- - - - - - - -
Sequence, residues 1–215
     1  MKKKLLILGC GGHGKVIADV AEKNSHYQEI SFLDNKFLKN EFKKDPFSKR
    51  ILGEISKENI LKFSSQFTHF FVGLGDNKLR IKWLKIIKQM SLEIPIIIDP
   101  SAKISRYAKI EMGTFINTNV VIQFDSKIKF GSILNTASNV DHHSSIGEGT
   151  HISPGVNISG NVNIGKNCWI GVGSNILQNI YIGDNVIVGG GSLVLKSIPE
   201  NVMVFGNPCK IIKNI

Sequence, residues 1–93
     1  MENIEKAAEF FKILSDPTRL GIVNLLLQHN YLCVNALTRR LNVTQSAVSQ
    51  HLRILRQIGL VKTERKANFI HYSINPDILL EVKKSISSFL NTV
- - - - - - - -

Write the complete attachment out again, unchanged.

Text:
Sequence, residues 1–215
     1  MKKKLLILGC GGHGKVIADV AEKNSHYQEI SFLDNKFLKN EFKKDPFSKR
    51  ILGEISKENI LKFSSQFTHF FVGLGDNKLR IKWLKIIKQM SLEIPIIIDP
   101  SAKISRYAKI EMGTFINTNV VIQFDSKIKF GSILNTASNV DHHSSIGEGT
   151  HISPGVNISG NVNIGKNCWI GVGSNILQNI YIGDNVIVGG GSLVLKSIPE
   201  NVMVFGNPCK IIKNI

Sequence, residues 1–93
     1  MENIEKAAEF FKILSDPTRL GIVNLLLQHN YLCVNALTRR LNVTQSAVSQ
    51  HLRILRQIGL VKTERKANFI HYSINPDILL EVKKSISSFL NTV